The European Ombudsman, who investigates complaints of maladministration in the institutions and bodies of the European Union, recently handed down its decision in a case against the European Medicines Agency (EMA). The complaint concerned the EMA’s refusal to disclose the identity of parties who request access to documents held by the EMA. In the past, the EMA had stated that the “identity and/or the name of the organisation of the requestor will be used for the sole purpose of processing the request and will not be disclosed to third parties”. Instead, third parties, including the owner of the document requested, would only be told the request came from a “pharmaceutical company” or “law firm”. Last week, the Ombudsmen confirmed that the EMA has changed its policy in light of its recommendations.
In September 2015, the Ombudsman received a complaint from a pharmaceutical company regarding the EMA’s handling of an access to documents request under the EU Transparency Regulation (1049/2001). The complainant disagreed with the EMA’s refusal to disclose to the complainant the identity of an entity who had requested copies of the Periodic Safety Update Reports (PSURs) relating to one of the complainant’s products.
The EMA asserted, in its submissions to the Ombudsman, that its policy since July 2015 was not to disclose the identity of the requestor, so as to protect the commercial interests of the requestor. This policy was reflected in the information stated on the EMA’s website.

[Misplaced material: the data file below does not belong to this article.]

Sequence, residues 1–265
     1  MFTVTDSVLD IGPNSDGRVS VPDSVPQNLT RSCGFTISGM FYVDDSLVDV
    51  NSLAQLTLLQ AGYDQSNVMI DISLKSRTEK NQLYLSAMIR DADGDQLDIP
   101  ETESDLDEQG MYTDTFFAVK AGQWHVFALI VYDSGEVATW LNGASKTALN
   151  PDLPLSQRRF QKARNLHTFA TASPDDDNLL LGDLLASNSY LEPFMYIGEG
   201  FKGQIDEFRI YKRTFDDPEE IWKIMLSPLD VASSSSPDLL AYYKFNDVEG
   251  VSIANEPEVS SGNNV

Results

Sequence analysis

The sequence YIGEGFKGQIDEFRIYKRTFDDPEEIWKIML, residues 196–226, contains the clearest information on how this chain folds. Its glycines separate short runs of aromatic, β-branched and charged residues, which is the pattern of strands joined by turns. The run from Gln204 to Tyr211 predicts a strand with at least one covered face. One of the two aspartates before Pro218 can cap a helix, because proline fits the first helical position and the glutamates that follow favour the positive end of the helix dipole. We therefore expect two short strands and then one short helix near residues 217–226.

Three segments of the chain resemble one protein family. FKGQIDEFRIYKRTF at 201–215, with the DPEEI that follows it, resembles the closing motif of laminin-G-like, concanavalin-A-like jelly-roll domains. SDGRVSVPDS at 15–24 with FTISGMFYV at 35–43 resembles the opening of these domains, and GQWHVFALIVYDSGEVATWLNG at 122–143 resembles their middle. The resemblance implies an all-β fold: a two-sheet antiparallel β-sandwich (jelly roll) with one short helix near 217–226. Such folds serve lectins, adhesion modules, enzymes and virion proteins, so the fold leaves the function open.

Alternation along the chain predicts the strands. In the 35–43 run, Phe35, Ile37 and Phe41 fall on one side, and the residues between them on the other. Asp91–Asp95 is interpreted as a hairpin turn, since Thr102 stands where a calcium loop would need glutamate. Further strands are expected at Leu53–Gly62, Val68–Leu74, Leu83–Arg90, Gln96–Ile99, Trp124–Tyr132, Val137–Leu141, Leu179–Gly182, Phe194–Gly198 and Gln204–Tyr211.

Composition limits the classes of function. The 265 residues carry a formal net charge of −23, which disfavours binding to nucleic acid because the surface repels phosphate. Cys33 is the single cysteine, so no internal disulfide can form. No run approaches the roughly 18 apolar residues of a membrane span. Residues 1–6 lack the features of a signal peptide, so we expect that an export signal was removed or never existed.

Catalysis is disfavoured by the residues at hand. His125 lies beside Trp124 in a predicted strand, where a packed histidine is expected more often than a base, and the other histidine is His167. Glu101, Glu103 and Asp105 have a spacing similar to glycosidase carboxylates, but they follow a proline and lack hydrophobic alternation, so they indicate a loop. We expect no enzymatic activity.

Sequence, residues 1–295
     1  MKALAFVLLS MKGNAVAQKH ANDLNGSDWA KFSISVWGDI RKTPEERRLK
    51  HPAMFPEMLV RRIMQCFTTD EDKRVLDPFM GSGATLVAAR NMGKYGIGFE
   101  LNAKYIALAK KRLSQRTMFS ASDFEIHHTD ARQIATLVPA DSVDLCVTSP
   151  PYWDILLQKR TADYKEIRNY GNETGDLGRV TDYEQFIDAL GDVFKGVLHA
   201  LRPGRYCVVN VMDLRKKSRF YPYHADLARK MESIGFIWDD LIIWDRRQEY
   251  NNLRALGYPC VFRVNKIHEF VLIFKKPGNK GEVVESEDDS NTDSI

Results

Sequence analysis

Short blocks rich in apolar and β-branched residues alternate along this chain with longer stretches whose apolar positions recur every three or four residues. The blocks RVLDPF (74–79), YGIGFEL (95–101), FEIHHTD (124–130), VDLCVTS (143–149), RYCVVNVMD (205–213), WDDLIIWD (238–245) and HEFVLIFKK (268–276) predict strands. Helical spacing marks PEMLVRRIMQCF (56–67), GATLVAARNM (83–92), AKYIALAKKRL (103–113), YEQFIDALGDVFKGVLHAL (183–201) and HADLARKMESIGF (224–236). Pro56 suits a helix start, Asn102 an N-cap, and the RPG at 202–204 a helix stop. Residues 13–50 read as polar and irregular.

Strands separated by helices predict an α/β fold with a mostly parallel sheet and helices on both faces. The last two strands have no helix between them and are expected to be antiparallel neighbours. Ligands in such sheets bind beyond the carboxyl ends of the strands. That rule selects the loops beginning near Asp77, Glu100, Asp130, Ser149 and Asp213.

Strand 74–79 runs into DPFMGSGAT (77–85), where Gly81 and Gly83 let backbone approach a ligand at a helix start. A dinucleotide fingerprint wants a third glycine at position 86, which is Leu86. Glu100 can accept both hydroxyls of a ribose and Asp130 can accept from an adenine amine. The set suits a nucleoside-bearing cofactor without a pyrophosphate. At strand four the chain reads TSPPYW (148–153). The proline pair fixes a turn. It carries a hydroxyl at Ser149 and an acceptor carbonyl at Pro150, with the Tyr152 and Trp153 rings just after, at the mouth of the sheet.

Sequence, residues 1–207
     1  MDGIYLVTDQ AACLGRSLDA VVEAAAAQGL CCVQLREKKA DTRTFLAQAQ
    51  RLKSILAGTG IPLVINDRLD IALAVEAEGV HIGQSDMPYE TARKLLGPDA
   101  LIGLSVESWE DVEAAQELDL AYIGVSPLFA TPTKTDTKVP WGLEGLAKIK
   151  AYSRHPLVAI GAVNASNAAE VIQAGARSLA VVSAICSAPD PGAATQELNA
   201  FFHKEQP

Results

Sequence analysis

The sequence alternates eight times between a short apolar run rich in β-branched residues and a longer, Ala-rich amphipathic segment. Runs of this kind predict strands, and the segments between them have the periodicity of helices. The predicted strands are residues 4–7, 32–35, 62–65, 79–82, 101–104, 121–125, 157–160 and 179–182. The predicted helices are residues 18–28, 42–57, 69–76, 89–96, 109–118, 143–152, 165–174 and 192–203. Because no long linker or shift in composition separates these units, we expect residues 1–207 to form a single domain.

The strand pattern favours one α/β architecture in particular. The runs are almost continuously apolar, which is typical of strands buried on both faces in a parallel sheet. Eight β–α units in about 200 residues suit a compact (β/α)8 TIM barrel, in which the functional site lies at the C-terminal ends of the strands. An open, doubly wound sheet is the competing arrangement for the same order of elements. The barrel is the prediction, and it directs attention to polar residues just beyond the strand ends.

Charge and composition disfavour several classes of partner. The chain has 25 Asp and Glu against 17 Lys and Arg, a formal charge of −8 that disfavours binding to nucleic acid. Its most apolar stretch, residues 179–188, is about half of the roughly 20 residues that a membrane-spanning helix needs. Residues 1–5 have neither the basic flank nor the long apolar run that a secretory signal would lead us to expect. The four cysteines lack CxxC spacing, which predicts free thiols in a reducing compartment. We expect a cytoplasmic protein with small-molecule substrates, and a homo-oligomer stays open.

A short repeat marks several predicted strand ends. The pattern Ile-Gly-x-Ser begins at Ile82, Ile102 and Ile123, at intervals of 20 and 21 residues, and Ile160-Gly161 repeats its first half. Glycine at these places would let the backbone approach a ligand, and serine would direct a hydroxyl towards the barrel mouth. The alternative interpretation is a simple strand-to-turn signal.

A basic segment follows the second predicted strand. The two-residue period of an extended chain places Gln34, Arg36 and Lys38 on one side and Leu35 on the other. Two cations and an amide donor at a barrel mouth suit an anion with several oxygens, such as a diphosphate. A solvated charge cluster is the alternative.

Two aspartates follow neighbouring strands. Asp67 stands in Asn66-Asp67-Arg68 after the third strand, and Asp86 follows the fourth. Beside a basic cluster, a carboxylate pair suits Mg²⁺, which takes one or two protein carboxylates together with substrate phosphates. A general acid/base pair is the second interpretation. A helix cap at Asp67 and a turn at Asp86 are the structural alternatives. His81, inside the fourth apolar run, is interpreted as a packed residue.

In its recommendation, the Ombudsman:
- (i) noted that the EMA could not refuse to disclose information concerning the requestor on the basis of only an assumption that such disclosure would harm the commercial interests of the requestor; and
- (ii) expressed serious doubts as to whether the disclosure of the identity of an entity requesting copies of PSURs would be “detailed, relevant [and] actionable” information that would put at risk the requestor’s commercial interests.
In view of the Ombudsman’s recommendation, the EMA changed its policy and the statements made on its website. Its amended policy is to consult with the requestor and, on the basis of that consultation, to then decide whether or not disclosure of the requestor’s identity will undermine their commercial interests such that the information may be withheld. The Ombudsman’s recent decision notes that the EMA has accepted and satisfactorily implemented its recommendation, and so the case is therefore now closed.
It is widely assumed that many, if not most, of the requests for access to documents made to the EMA are generated by competitors of the company who produced the requested document. After the Ombudsman’s recommendation, companies may consider more carefully whether or not to make requests for access to competitor documents held by the EMA, or whether to make such requests through a third party.